Play Live Radio
Next Up:
0:00 0:00
Available On Air Stations

Wildlife officials are urging the public to keep vigilant – and their distance – after bear sightings around town

Signs at Fort Abercrombie alerting the public of a sow and her cubs in the area (Photo: Kirsten Dobroth/KMXT)
Signs at Fort Abercrombie alerting the public of a sow and her cubs in the area (Photo: Kirsten Dobroth/KMXT)

A Kodiak brown bear and her three cubs have been frequenting neighborhoods and hiking trails around town over the last week. The sow and her cubs were first spotted near the Buskin and have made their way to Safeway – off Mill Bay Road – and Fort Abercrombie in the last few days.

Nate Svoboda is the state’s area management biologist with the Alaska Department of Fish and Game. He estimates the cubs to be two-and-a-half-years-old. And he says so far, they’ve stayed away from trash and people.

“We haven’t had really any reports of her really getting into mischief or causing much of a problem as far as getting into non natural foods,” Svoboda said.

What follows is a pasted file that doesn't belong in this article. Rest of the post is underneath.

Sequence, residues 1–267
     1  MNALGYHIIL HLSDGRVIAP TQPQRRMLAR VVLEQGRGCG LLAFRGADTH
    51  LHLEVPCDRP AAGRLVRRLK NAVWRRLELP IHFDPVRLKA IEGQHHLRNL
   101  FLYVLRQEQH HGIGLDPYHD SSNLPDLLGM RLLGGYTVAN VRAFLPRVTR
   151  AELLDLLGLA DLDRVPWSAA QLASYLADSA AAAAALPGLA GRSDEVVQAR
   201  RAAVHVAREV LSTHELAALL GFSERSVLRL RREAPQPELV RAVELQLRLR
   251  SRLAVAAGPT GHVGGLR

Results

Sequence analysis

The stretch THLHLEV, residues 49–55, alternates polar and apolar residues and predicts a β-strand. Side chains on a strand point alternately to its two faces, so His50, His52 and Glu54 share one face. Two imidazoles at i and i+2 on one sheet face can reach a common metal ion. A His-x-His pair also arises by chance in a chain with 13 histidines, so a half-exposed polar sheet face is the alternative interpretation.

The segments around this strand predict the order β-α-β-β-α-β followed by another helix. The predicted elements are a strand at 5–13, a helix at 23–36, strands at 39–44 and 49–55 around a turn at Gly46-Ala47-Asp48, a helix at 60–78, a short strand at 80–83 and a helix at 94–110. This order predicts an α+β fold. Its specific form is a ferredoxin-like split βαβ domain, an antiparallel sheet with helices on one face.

Svoboda says the bears seem to be finding plenty of berries and fish – but it’s a good reminder to the community to properly dispose of trash. It’s also a crime to leave out attractants – including bird seed or dog food. Kodiak residents are usually pretty good about that, according to Svoboda – and it’s crucially important now to make sure the sow and her cubs keep moving along.

“It’s pretty amazing when we can have a sow and cubs come into town and not cause problems and eat natural foods and I’m sure as long as we continue down this path she’ll wander off like the other bears that come into town and leave without incident,” said Svoboda.

Svoboda says that even though these bears have been frequenting areas around town, it’s important to respect their space. That includes making noise on the trails and walking in groups.

“The members of our community by and large do a really good job and have respect for the bears and try and do the right thing. You know, I think it’s important to recognize that and encourage people to continue to do that and not only that, but encourage your neighbors to do the same thing.”

Svoboda says that respect is key to the safety of both the bears and people.